What Remains of Edith Finch knows its niche from the beginning and rarely strays, resulting in a cohesive experience that I was never jolted out of. It elicits the strangest mixture of emotions, and its different modes of storytelling are second to none. The controls don't translate seamlessly from PC to Xbox One, but you don't play this game for the controls; you play for the story, and the story is gripping.
The unique premise of Vostok Inc. breathes new life into the tired genre, making this moneymaking game much more than something to just play on the toilet to pass the time. While it's definitely not everyone's cup of tea, I urge you to give it a chance if you're on the fence; it definitely didn't seem like my cup of tea either at first, but the embedded humor and interesting mechanics made it relatively easy to suffer through the annoyances.
Pixel Night makes a brave foray into the exploration genre that doesn't quite pan out in the end due to detached storytelling and repetitive mechanics. If you're a dedicated adventure game player, Empathy: Path of Whispers will offer little challenge, except maybe in the way of overcoming boredom. It is, at the end of the day, a walking simulator that knows exactly what it wants to be, but falls a few steps short of actually being it.
Mass Effect: Andromeda doesn’t quite live up to the hype, but it comes close. Considering the situation in which the developers found themselves, they put out an addition to the franchise that really feels like returning home even though you’re millions of light years from Earth. With stunning scenery, a distinct Mass Effect feel, and an abundance of things to do, it’s a worthy investment for any Mass Effect veteran or newcomer—but don’t expect it to be perfect.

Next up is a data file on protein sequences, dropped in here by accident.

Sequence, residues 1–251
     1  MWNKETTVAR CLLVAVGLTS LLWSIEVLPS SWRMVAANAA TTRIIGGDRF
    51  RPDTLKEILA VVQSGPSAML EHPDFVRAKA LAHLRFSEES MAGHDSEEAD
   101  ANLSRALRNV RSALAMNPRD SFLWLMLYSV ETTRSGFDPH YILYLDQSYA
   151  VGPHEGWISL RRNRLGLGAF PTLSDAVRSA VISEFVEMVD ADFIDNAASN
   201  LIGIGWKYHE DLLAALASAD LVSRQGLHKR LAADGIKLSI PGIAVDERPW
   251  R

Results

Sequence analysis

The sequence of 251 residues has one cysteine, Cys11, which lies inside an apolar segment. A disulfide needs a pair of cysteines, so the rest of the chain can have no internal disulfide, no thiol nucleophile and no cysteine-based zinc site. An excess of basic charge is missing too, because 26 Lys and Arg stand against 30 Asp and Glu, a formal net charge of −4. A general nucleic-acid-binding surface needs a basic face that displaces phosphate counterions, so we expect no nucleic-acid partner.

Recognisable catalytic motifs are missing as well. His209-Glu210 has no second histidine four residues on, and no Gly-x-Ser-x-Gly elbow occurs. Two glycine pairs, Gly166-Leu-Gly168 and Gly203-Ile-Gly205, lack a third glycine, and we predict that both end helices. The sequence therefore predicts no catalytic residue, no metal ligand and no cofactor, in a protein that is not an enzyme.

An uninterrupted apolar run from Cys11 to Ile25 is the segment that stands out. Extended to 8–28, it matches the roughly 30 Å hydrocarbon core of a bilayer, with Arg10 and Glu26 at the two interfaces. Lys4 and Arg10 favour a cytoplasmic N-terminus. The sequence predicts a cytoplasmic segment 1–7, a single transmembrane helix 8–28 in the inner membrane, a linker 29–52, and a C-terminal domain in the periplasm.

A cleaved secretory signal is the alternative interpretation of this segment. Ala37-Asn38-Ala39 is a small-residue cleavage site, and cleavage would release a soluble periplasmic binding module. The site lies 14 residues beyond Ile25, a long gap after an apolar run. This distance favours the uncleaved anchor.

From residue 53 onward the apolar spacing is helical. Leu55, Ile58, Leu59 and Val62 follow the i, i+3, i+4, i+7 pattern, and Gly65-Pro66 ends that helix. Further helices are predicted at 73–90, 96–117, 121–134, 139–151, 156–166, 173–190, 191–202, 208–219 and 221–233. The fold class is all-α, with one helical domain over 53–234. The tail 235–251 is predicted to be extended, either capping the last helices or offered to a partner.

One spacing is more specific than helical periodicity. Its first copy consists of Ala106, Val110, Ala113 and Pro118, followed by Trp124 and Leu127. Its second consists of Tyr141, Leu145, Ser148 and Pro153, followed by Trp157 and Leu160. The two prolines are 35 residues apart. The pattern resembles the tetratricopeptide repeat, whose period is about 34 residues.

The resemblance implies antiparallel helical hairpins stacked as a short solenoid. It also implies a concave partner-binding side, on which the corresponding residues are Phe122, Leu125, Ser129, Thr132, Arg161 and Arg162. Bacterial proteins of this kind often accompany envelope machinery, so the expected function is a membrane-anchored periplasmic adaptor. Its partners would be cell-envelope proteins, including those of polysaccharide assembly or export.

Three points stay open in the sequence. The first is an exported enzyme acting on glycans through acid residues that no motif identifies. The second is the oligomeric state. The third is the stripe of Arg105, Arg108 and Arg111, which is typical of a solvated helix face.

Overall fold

While not perfect, Death Squared is pretty darn close to it. This game should be a go-to for any age group who’s looking for a small party game that could keep them occupied for hours. You’ll rarely be bored with the puzzles, rarely be frustrated with the mechanics, and rarely annoyed by anything other than excessive team-killing (which is hysterical in its own right). If you’re looking for a puzzle game to play with someone who doesn’t like puzzles, this is the one.
Alone With You is the perfect game for people who want to sit back and enjoy a story that provokes sadness, relief, foreboding, attraction, and everything in between. It’s not a thriller or a fighter. It takes the concept of loneliness and transforms it into an experience that isn’t nearly as boring as it might sound at first. It could be more interactive if it tried, but the strong and complex narrative helps compensate for that—and makes it worth the money.
A good time passer, imprint-X is worth its reasonable price but isn’t a bastion of breathtaking gameplay. It has its flaws, many notable but none game ruining. Despite that, it definitely requires some brainpower. Don’t expect to be enraptured by days of scintillating gameplay, but also don’t expect to breeze through it on your first try.
Mainlining kills two birds with one stone, fulfilling a childhood fantasy and just plain being a great game at the same time. If you're looking for a unique sort of puzzle/mystery game, definitely give this a try; it's obvious that Sam Read and Rebelephant have worked hard on this, and the result is a truly enjoyable game that's fun for fans of many game genres. Well worth the money.